Smith: We stacked them, but we covered them. We covered them all. They were always kept covered, and nobody was allowed in there. And, of course, there was no smoking in there, no chewing tobacco, or anything like that.

Weisskopf: Right. What kind of clothing were you wearing while you were inside the building working?

Smith: Well, they all I wore my regular street clothes, but if I was out, went out into the graphite area, I put on a pair of coveralls.

Weisskopf: It was separated from the rest of the building?

Smith: Yeah.

Weisskopf: Okay. Just sort of a clean room for its day?

Smith: Somebody’s sending a fax.

Weisskopf: So you normally just wore a suit and tie, or how dressed up were you?

Smith: No, just casual clothes. See, it was too hot to do that. The only one I knew that wore a shirt was always the staff, he was the department manager, and he was the son of one of the DuPont engineers. One of the big shots. But he was sharp. He wasn’t there because of his it was because he did a good job.

Weisskopf: How long do you think you were there milling, you know, working with the graphite? You started in December ‘43.

Smith: Fourteen months.

Weisskopf: Really? So you did all three reactors, then?

Smith: Yes. I finished I was one of the last construction workers to leave. Because I wasn’t going to leave, and they kept me here as long as they could. And I was identifying equipment. All this equipment was needed elsewhere. Navy had first priority on it, and the Army had second, and DuPont had third. So we would get up and then there was other organizations lower than that. So you’d go out each morning I’d go into the office, receive a teletype from either Kansas City or some other plant, either someplace in mostly in Minnesota. I can’t remember where all the DuPont plants and they would tell me what they needed, describe it. And I’d go out searching the whole field for these. And I had tickets to put on there. Well, if it was somebody from the Navy or Army, they’d come along, they wanted to rip that ticket off. By the time I got a construction crew ready to go to load it on the freight car, why, it would be gone a lot of times. So I worked out of course, I being one of the ones that was there, the Navy and the Army personnel was a little arrogant about the things, and so they were very happy to accommodate me and let me know that they had ripped that off, so we’d load it on and take it. Told me that was legal. And I don’t know whether the Navy needed it worse than we did or not, but

Weisskopf: So 14 months from December would be like February or March of ‘45?

Smith: Yeah.

Weisskopf: All the reactors were up and running.

Smith: Yes.

Weisskopf: The whole plant was running at that point. Okay. And

Smith: Well, I don’t think well, they’d have to be.

Weisskopf: Well, B Reactor started in September ‘44, about nine months or ten months after you started, and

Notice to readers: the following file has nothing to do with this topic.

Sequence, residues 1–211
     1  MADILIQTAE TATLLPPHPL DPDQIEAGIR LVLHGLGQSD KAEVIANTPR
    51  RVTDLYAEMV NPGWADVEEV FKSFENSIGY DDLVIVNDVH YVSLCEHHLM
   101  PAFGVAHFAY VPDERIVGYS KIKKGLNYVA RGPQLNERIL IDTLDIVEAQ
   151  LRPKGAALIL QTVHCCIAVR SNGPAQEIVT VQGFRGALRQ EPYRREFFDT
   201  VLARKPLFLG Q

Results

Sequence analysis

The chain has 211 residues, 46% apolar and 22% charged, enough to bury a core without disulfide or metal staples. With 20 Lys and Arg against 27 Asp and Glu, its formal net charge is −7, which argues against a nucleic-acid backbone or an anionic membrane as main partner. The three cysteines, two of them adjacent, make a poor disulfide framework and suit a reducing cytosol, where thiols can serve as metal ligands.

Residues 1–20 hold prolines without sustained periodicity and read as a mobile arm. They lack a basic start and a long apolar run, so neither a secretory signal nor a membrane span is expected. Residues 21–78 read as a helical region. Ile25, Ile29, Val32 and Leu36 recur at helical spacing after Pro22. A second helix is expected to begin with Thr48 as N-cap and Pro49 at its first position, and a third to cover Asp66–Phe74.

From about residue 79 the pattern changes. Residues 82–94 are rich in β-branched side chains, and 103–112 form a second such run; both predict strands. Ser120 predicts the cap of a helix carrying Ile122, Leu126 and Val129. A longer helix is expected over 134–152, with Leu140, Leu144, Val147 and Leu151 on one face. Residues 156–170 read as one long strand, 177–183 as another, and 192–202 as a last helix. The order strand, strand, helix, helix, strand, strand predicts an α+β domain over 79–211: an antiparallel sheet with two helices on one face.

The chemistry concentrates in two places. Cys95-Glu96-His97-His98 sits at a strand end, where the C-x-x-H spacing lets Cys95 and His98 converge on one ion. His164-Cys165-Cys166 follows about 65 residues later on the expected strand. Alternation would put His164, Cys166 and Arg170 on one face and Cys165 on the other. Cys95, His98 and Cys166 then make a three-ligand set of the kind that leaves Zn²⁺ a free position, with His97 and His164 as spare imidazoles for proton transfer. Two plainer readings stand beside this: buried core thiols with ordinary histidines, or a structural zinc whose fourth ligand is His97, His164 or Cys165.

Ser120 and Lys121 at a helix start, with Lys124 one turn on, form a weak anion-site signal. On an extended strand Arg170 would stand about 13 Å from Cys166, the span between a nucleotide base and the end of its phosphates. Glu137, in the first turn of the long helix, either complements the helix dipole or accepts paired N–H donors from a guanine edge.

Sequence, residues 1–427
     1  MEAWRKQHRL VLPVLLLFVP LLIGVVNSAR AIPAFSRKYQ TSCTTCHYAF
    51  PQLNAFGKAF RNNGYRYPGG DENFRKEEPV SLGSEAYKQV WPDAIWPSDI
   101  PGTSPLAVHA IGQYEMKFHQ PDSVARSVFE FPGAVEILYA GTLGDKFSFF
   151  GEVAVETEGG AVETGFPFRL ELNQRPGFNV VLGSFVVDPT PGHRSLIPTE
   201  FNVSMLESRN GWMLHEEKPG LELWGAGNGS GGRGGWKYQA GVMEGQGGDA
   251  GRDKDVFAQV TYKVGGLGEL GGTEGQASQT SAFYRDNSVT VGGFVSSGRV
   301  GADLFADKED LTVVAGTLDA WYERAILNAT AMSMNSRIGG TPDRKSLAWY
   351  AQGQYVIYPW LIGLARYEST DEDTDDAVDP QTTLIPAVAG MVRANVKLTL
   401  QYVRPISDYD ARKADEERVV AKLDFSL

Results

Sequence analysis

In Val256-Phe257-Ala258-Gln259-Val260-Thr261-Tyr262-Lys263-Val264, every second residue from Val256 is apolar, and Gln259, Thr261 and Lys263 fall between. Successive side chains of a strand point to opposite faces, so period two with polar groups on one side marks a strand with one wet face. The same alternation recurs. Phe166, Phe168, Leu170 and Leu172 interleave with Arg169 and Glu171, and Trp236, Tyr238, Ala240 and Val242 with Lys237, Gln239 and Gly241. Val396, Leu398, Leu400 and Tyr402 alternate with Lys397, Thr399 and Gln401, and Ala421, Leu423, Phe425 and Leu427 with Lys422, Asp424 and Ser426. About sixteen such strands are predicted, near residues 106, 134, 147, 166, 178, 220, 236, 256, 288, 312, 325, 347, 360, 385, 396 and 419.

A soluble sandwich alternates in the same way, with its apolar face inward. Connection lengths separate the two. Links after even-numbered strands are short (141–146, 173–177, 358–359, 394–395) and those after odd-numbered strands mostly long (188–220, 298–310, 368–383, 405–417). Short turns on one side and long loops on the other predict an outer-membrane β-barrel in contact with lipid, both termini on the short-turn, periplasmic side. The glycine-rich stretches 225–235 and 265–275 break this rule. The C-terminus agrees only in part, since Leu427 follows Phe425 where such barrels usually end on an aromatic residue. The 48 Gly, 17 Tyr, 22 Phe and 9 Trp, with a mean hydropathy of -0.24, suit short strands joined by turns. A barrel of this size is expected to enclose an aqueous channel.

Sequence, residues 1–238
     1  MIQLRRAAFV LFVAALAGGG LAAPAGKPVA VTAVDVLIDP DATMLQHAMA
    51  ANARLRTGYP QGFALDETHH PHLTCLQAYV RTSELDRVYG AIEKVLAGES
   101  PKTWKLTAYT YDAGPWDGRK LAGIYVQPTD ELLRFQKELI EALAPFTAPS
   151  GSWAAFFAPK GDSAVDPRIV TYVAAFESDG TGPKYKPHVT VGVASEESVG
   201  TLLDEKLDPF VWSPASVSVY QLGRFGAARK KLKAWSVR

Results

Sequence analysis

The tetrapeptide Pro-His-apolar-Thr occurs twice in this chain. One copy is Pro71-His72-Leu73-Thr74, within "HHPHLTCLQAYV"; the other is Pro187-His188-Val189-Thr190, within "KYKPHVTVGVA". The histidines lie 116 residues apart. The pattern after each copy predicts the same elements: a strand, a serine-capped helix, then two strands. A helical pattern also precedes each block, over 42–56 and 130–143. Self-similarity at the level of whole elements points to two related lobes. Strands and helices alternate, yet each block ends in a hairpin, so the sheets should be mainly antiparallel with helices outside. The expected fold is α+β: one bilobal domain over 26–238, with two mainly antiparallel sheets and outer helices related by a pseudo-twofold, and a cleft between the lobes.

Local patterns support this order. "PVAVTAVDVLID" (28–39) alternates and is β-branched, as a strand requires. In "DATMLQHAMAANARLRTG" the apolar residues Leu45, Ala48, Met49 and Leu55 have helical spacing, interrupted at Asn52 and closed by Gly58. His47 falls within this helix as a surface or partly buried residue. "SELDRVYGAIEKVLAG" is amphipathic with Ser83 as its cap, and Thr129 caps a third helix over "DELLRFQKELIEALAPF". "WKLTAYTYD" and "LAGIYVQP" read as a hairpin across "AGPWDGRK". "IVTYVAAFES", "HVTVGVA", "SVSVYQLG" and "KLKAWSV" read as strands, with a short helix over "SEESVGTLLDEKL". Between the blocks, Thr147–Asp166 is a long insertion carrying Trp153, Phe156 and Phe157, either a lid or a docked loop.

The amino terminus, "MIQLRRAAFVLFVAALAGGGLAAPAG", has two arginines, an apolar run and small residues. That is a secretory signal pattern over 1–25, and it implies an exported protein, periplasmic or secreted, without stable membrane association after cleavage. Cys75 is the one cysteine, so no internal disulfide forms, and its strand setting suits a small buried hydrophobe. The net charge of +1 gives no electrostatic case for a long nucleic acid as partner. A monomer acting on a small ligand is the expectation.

Smith: It wasn’t very far behind.

Weisskopf: No, a couple, few months. I think by March they were all up and running.

Smith: I can’t verify that one way or the other.

Weisskopf: I’d have to look it up. So that was the last part of your job at the 101 Building was decommissioning it, getting rid of the milling equipment and everything got distributed to other people at other places.

Smith: Uh-huh.

Weisskopf: And then where were you left after that was done?

Smith: Well, on my rounds around the plant I became associated, not friends but associated with the maintenance superintendent of 100-F. And we were on a first-name basis and everything. I told him I was wound up here, and they were looking for a place to either get rid of me, send me into the Army, or I wanted a job in operations. And obviously they had planned on three more reactors and two more separations plants, and they had one of the two built. They had four planned, and they only ever finished and operated two of them. One is still a hole in the ground. As far as I know, it’s still out there.

Weisskopf: C Plant, I think, in the East area.

Smith: Yeah. Let’s see, the two were built in 200 west, but one was never started up.

Weisskopf: That was U.

Smith: U. It was finally converted to a waste processing plant. So they did the same for operations, they hired, shipped in a lot more people than they ever needed, so jobs weren’t that easy to get in operations. So he says I can’t remember who this manager, apparently he had some kind of they thought the other superintendents thought he was getting all the breaks. So when I they hired me, he sat me down, he was going to make some kind of a junior engineer or something, so I was glad to get anything. So I went down there, was interviewed, sent out to 200 west. I thought I was going out there, some kind of engineering job, and they said “No, you’re going to be an area mechanic.” So I was an area mechanic for about six months before I finally got a promotion. But that proved invaluable to me when I got back in the engineering department, having had that experience.

Weisskopf: Dealing with the day-to-day

Smith: I got a chance on hands-on with all the equipment, at least in the 200 areas.

Weisskopf: As opposed to just working with blueprints and specifications and things like that.

Smith: Yes. So I had served as a machinist apprentice until the depression come along, and me and everybody else, I went back to college. So it was really a good thing later on, because I was picked for certain jobs. Of course, when the engineering department and the maintenance department divided up into two different… why, the superintendent, who was then the superintendent of both, was going to be superintendent of maintenance, and he came and I was working in town then, in the Federal Building. It wasn’t the Federal Building then. He said he was going to send me out to 200 east, and so I went out. He didn’t tell me. He said “You’ll know why I did this later on.” Of course, three weeks later they announced the separation, and I was out in maintenance. So that was another good break, because I’d had enough practical experience. Here again, it was the spirit of cooperation, being put in charge of a maintenance crew, not having been a craftsman myself, but I’d had a good background. Well, I was, really, I had that experience, it worked out fine.